Getting There Greener: Frequently Asked Questions
What is the greenest way to travel?
Generally speaking, motor coaches (inter-city buses) are the greenest mode of vacation travel. Beyond motor coaches, the greenest way to travel depends on how far you are traveling and how many people are traveling with you.
How can I figure out the greenest way to travel from a particular location?
Google Maps, airline booking sites and other Internet tools can help you figure out exactly how far your chosen destination is from your home. Tables in the report appendix assess trip emissions for eight discrete mileage distances ranging from 100 to 3,000 miles and include emission factors that can be used to calculate trip emissions associated with any travel distance.
How did UCS reach its conclusions?
UCS's findings are based on energy consumption, ridership, and carbon dioxide emissions data from a number of government and commercial sources. Using that data, UCS researchers calculated how much carbon dioxide pollution a given mode of travel produces per passenger for each mile traveled.
What about other pollutants besides carbon dioxide?
The intent of this report is to assess the comparative carbon impact of various modes of travel. While these transportation modes emit other pollutants that harm the environment, a lack of comprehensive data prevented them from being included in this analysis.
Why does flying first class generate more pollution than economy class?
In order to provide an "apples-to-apples" comparison of air travel emissions, UCS evaluated passenger data on the basis of " economy-equivalent seating," a value that reflects the amount of cabin space occupied by an economy class seat. Since first-class seats occupy approximately twice as much cabin space as an economy-equivalent seat, passengers flying in them are effectively responsible for twice the emissions of an economy class passenger. Airlines that have coach-only seating can transport more passengers on a given amount of fuel, resulting in lower per-passenger carbon emissions.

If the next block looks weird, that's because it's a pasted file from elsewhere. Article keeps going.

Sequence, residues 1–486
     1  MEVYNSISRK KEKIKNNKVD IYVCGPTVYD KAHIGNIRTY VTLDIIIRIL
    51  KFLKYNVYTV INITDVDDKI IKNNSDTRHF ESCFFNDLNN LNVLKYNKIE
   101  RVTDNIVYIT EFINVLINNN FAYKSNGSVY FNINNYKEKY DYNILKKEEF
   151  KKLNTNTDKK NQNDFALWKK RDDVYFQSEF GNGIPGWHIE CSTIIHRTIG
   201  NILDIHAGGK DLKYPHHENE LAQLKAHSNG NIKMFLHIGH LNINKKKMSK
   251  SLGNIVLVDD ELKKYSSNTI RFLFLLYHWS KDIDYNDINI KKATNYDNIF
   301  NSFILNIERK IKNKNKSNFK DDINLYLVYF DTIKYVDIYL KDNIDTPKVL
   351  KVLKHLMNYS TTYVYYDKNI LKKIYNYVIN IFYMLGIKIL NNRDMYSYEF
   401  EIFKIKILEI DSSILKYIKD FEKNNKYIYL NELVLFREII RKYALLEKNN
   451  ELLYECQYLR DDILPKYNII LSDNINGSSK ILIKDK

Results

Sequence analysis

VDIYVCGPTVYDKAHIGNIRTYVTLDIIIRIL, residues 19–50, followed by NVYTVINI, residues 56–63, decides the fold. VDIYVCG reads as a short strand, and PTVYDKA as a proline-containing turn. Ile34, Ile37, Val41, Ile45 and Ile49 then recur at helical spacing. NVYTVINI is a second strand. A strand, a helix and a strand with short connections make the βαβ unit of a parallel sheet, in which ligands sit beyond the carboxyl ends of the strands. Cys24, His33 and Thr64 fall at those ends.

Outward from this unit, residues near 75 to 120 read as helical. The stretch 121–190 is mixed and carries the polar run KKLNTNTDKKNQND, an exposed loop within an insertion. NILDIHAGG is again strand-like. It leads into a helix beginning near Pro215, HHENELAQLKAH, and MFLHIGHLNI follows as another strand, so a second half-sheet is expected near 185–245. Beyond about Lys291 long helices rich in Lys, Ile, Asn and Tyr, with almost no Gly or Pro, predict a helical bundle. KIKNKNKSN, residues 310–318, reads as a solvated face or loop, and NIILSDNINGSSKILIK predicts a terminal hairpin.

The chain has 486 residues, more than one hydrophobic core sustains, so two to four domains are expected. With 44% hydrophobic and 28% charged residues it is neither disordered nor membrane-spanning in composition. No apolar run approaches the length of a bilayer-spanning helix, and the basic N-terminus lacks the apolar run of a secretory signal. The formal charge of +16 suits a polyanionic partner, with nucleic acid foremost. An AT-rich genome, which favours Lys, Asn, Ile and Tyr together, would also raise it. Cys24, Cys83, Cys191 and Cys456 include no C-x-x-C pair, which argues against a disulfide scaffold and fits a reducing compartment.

Does it matter what kind of airplane you fly on?
Yes. Airplanes can vary widely in the amount of pollution they generate per person per mile traveled. UCS's recommendations are based on the types of airplanes typically used for trips of a given distance. For instance, turbo-prop airplanes are typically used for flight distances of 100 to 250 miles while wide-body jets are used for flights of more than 2,000 miles. Travelers who want to compare and contrast airplane types should consult Appendix B in the full report at www.ucsusa.org/gettingtheregreener. Travel Web sites also often offer specific information about plane models.
If a train, bus or plane is scheduled to travel somewhere anyway, how can you say that any one passenger is responsible for emitting pollution?
We developed and used average emission factors for this report, largely out of necessity. The data used in the analysis were largely in aggregate form and thus we were unable to assess whether or not an additional passenger on a given mode of transportation would cause an operator to put another train, bus or plane into service. Even if such data were available, it would yield highly variable and sometimes extreme results that would provide very little practical information to the typical vacation traveler. While consumers currently might enjoy a carbon "free ride" on low-occupancy vehicles, such as motor coaches or trains, they are less likely on airplanes, where capacity is tightly linked with demand. For more information on this topic, see Appendix A in the full report.
Can this report help me plan a green vacation outside the United States?
"Getting There Greener" applies solely to domestic travel. Transportation options and emission factors vary from country to country, and thus the report results do not apply globally. That said, the report's general guidelines for decreasing emissions from driving (improving fuel economy) and flights (taking direct flights, flying economy) would apply anywhere. Avoiding travel during peak congestion periods also would reduce your pollution contribution no matter where you are.
Can this report help me pick the greenest commuting option?
The report applies only to a one-time trip of more than 100 miles. Scoring methods of commuting would involve similar calculations, but might lead to very different results. Commuting is also highly dependent on local roads, traffic patterns and transit options.
What about walking or bicycling?
While not covered in our report, walking and bicycling are also excellent low- or even zero-carbon options for vacation travel. In fact, regardless of how you reach your vacation destination, these modes can be the greenest ways to move around the community once you arrive.